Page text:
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Harnessing the Value Skilled Migrants Provide

Thursday, May 9, 2024

By Steve Henneberry


Headshot of Mary Zellmer-Bruhn
Professor Mary Zellmer-Bruhn

Migration is one of the world’s oldest realities. In today’s global labor market, which faces workforce shortages, skilled migrants are an essential component.

The value this population, defined as individuals with a bachelor’s degree or equivalent, provides is clear for both nations and firms that take them in. For example, in the U.S., where 28 percent of immigrant inventors were born in either India or China, “a migrant arriving at age 25 with a college degree pays about half a million dollars more in taxes than they consume in government services over their life; the fiscal surplus nears $1 million for migrants with advanced degrees,” according to the National Academies of Science. Further, research shows that in Europe, nearly 20 percent of new employees in growing occupations, such as healthcare and STEM, are immigrants. Despite this, skilled migrants still face immense challenges in their new countries including:

  • being underemployed and underpaid relative to their native-born counterparts;
  • higher threat of job loss in economic downturns; and
  • persistent insecurity about residence permits.

“The benefits are clear, yet skilled migrants continue to encounter so many obstacles,” said Mary Zellmer-Bruhn, professor and associate dean of MBA & MS Programs at the Carlson School. Zellmer-Bruhn and 15 co-authors from 10 countries recently published a paper in the Journal of International Business to identify factors that helped drive skilled migrant retention by increasing their embeddedness in their new country.

Through a comprehensive analysis of 1,709 highly skilled migrants from 48 origin countries living in 12 different destination countries, they explored “contrasting dynamics” of destination and origin country characteristics facing these workers as well as their experiences of these contexts.

“By looking across the globe at these issues, we find some clear areas of focus to foster meaningful connection,” the authors wrote. “By addressing them, countries and firms can benefit more from their skills, which in turn supports economic growth, cultural diversity, and meaningful opportunities for these workers.”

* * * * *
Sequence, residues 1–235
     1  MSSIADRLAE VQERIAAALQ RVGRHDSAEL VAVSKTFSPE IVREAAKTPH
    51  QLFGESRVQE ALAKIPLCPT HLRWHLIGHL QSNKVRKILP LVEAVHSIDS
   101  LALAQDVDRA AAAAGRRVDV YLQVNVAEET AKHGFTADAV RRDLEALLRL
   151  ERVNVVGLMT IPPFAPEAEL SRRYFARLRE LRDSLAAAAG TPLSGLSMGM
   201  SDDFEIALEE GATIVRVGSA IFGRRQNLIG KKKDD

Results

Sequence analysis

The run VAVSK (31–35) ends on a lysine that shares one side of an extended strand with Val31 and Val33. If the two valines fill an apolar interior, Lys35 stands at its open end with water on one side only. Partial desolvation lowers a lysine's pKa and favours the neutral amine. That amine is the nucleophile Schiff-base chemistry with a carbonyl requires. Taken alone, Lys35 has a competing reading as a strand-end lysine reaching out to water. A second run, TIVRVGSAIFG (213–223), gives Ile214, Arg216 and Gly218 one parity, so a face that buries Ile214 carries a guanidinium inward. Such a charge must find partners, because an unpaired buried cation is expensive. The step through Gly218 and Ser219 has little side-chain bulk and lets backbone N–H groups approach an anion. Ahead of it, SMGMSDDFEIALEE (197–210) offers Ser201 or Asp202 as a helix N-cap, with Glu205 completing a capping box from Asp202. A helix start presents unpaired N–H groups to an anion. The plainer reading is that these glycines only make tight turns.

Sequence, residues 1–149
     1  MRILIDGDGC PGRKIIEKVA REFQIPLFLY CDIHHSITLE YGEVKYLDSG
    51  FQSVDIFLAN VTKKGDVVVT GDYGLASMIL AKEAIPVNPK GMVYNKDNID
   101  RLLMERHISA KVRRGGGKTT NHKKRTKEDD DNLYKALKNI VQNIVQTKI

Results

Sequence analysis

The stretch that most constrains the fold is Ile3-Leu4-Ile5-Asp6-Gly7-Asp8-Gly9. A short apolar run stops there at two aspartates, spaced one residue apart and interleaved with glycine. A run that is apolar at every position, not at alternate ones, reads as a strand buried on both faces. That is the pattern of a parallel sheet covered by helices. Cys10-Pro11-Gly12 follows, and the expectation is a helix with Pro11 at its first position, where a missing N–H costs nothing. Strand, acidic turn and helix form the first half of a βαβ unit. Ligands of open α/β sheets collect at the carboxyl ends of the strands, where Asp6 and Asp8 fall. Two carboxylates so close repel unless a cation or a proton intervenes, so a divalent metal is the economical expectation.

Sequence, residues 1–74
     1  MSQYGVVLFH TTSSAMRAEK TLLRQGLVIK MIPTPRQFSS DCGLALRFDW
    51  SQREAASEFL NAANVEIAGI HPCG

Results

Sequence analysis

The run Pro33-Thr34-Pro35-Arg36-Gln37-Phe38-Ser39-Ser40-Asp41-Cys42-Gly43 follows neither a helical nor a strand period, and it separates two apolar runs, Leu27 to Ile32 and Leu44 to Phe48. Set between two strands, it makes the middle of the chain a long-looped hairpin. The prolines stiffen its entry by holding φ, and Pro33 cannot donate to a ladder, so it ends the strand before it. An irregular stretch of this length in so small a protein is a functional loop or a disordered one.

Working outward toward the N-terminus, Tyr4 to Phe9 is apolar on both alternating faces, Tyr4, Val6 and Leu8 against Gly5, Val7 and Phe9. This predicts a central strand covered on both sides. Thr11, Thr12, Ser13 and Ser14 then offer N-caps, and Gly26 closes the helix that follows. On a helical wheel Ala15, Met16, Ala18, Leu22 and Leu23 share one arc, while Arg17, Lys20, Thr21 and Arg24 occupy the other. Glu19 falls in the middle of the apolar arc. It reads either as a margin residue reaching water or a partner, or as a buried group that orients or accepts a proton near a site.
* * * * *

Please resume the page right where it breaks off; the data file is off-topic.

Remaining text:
The findings reveal that although destination countries may offer advantages compared to origin countries, such as better opportunities for human development, if skilled migrants experience occupational downgrading due to licensing and credentialing barriers, or feel unwelcoming ethnocentrist attitudes, they are less likely to identify with their new country. This significantly reduces their sense of belonging and success in their new countries.

By focusing on the “embeddedness” of migrants, or how well migrants feel they fit into their new environment in terms of their career and social life, the researchers found those who strongly identify with their destination country are more likely to engage in activities that connect them to the local community and workplace. The authors found that experiencing ethnocentrism was particularly harmful; migrants reporting this retained a strong connection to their origin country and reported significantly lower community embeddedness in their destination country.

Illustrating these complexities reveal directions to improve the migration experience for all involved—the migrants themselves and the firms and nations who provide new opportunities for them. National and local governments should consider revising policies to improve the transferability of credentials, training, and degrees to accelerate labor market access, and firms should nurture supportive work environments and inclusive climates to counteract adverse effects of societal ethnocentrism and downgrading and improve career embeddedness.

This article appeared in the Spring 2024 Discovery magazine

In this issue, Carlson School faculty research addresses inequities in mental health care, the challenges that migrant workers face, inefficiencies in public-private partnerships, and more.

Spring 2024 table of contents